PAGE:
In the wake of the new accreditation standards that the American Bar Association (ABA) announced last year requiring law schools to incorporate more experiential learning into their curricula, many law professors are grappling with how to develop appropriate learning outcomes and include more assessment in their teaching. Seeing a need among the law professor community, the Association of American Law Schools (AALS) and LegalED decided to partner to create a video series on law school teaching best practices. Both organizations called upon top law professors to share how they are beginning to think differently about legal education, student assessment, and the relationship between technology and the law. The video series includes 11 information-packed 5-minute video interviews with law professors on topics, including how to get students into the right mindset to think and act like lawyers, strategies for bringing technology into the law school classroom, best practices for working with actual clients in first year courses, and more.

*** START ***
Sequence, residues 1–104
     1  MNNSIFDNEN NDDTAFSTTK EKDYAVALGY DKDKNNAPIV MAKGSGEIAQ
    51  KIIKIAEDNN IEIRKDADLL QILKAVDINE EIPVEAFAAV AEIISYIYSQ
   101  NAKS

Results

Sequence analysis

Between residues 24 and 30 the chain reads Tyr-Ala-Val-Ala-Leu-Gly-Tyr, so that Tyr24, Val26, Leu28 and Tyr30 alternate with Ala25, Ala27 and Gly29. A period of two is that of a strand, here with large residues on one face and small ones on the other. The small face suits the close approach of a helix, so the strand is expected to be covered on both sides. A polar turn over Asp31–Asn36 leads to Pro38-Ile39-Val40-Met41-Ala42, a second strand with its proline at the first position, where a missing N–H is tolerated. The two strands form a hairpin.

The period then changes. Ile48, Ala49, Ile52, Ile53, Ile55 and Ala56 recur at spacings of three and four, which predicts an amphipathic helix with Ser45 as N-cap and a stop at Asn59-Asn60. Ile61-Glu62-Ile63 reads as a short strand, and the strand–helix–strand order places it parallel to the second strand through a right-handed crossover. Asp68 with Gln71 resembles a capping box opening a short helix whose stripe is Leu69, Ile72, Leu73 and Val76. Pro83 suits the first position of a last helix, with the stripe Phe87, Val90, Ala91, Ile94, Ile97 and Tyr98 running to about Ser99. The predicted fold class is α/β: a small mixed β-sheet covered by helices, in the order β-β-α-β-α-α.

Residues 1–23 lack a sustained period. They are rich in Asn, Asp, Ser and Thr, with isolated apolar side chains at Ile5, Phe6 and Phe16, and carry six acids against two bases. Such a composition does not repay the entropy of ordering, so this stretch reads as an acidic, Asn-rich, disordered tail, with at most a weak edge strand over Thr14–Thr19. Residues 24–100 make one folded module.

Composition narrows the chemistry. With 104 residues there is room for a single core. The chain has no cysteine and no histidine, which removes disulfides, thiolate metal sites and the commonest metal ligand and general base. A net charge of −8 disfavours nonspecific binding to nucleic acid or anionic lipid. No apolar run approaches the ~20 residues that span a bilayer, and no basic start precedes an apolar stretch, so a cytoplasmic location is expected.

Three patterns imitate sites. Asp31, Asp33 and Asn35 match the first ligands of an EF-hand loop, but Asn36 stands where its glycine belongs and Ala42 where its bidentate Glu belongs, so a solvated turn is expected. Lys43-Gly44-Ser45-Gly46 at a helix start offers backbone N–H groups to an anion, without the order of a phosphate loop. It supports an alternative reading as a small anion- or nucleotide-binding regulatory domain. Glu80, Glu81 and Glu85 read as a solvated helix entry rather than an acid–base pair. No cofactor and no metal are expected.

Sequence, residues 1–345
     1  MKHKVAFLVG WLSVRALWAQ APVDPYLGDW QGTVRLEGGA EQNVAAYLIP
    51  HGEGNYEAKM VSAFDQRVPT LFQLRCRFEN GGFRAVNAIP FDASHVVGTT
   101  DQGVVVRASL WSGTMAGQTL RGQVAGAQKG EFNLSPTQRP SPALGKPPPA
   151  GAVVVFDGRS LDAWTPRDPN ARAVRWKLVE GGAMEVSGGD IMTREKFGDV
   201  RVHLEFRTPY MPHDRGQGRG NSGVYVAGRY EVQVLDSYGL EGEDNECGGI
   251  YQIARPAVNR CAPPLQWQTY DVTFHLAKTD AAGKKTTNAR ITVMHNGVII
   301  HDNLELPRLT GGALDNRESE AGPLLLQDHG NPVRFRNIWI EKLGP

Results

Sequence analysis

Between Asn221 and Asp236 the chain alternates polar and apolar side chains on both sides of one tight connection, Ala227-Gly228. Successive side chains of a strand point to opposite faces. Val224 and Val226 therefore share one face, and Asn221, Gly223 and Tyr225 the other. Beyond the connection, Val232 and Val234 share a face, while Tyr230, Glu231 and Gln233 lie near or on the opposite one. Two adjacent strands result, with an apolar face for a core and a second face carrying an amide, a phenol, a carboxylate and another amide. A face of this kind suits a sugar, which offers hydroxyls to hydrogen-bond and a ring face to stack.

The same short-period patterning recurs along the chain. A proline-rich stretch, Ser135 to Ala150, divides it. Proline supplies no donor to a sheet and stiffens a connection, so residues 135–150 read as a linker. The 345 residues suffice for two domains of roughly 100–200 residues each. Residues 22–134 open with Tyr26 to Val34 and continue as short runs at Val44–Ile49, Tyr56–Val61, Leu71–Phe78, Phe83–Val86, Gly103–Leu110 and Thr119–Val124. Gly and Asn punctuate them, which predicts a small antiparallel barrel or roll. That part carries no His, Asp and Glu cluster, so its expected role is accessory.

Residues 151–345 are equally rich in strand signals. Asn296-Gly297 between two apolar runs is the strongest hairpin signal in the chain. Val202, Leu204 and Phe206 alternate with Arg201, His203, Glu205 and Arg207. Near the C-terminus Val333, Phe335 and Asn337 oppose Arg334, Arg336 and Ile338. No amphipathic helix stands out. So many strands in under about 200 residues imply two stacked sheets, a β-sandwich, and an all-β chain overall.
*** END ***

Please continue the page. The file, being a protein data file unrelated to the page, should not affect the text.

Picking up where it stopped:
In a recent interview Michele Pistone, founder of LegalED, who helped create the video series and also contributed a video on formative assessment, took the time to share some details about the teaching series. Check it out!
How did this partner video series on legal education come about?